USWNT Prepares For Mediation After U.S. Soccer Claims Women Are Paid More Than Men
On March 8, 28 players filed a complaint in the US District Court in Los Angeles asserting that US Soccer practices gender-based pay-discrimination in their national team programs. The players allege that US Soccer has violated the Equal Pay Act and Title VII of the Civil Rights Act of 1964. For more on the details of the case, check out USWNT Fight For Equality In The US While Taking On The World In The World Cup.
Players allege in their complaint that US Soccer is not providing equal pay for equal work. US Soccer has made it clear that it focuses on providing equitable and fair compensation.
In an open letter, US Soccer president Carlos Cordeiro stated, “US Soccer believes that all female athletes deserve fair and equitable pay, and we strive to meet this core value at all times.”
The WNT players assert that the law requires equal pay, not equitable pay. A spokesperson for the Players, Molly Levinson, stated “The USSF has repeatedly admitted that it does not pay the women equally and that it does not believe the women even deserve to be paid equally. This is why they use words like ‘fair and equitable,’ not equal in describing pay.”[/vc_column_text][/vc_column][/vc_row][vc_row equal_height=”yes” content_placement=”middle”][vc_column][vc_column_text]The Players have alleged violations of both the Equal Pay Act and Title VII of the Civil Rights Act of 1964.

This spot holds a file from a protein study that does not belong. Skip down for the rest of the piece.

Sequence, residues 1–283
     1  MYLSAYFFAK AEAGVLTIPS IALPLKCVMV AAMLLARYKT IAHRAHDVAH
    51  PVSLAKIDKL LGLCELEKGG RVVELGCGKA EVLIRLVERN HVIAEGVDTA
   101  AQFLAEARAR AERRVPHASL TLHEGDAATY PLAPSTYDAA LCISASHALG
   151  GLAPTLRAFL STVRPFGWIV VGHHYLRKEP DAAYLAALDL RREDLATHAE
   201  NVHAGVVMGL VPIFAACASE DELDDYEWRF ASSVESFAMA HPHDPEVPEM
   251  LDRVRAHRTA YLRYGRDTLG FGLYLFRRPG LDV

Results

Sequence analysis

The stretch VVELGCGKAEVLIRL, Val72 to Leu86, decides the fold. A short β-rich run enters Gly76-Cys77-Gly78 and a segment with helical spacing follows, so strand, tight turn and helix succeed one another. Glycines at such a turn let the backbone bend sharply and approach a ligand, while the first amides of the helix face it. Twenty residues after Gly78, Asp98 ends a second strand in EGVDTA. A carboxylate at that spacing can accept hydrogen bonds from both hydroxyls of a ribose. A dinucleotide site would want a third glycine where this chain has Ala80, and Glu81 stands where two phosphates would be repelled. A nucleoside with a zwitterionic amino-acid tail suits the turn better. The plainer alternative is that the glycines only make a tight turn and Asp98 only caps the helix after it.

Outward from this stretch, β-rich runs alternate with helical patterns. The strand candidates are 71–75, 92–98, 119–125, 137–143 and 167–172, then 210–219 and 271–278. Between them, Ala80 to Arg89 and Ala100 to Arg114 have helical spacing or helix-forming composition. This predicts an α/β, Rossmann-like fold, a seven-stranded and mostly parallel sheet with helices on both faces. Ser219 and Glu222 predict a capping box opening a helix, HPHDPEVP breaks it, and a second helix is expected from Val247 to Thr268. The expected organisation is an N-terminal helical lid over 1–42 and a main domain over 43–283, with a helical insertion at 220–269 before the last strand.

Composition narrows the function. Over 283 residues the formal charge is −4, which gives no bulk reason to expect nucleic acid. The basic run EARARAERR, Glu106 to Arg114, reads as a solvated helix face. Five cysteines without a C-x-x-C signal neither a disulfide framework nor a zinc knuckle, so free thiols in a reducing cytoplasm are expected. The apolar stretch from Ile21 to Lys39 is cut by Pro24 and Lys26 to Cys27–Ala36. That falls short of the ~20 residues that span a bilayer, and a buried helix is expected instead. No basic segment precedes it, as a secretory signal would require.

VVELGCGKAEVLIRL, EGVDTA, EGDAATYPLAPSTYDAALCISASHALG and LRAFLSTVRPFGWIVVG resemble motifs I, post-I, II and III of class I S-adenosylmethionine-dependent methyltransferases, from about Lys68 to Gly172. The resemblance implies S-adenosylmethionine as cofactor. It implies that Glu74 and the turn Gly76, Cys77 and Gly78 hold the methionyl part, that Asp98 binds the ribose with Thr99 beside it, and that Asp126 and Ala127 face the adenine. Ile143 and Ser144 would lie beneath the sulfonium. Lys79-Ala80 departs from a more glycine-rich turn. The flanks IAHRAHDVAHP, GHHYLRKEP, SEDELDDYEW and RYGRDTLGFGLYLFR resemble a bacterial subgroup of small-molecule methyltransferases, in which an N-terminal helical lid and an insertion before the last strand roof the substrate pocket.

The Equal Pay Act requires that an employer pays the all employees the same when the performance of the job “requires equal skill, effort, and responsibility, and which are performed under similar working conditions.”
Title VII of the Civil Rights Act of 1964 prohibits discrimination by employers based on race, color, religion, sex, or national origin.
For more about how the players allege violations of these laws, check out USWNT Fight For Equality In The US While Taking On The World In The World Cup.
On July 29, 2019, US Soccer made its first public response to the complaint and the alleged violations of law. US Soccer President Cordeiro has made it clear US Soccer does not believe it violated the laws because the roles and responsibilities of the men’s players and the women’s players are substantially different.
Cordeiro stated, “FIFA competitions for men and women include a different number of games each year, at different times, in different locations, against different opponents with different FIFA rankings and different tournaments with different qualifying criteria and different prize money.”
US Soccer may have difficulty defending this position if the lawsuit progresses to court. Cordeiro places the burden on the FIFA schedule and implies that since the men and women play in different games against different opponents is enough not to violate the law. The Equal Pay Act states that as long as a job requires “requires equal skill, effort, and responsibility, and which are performed under similar working conditions.” To win this argument in court, US Soccer will have to show that to be a member of the WNT requires substantially different skill, effort, and responsibility from those members of the men’s team. This appears to be a challenging argument for US Soccer to win.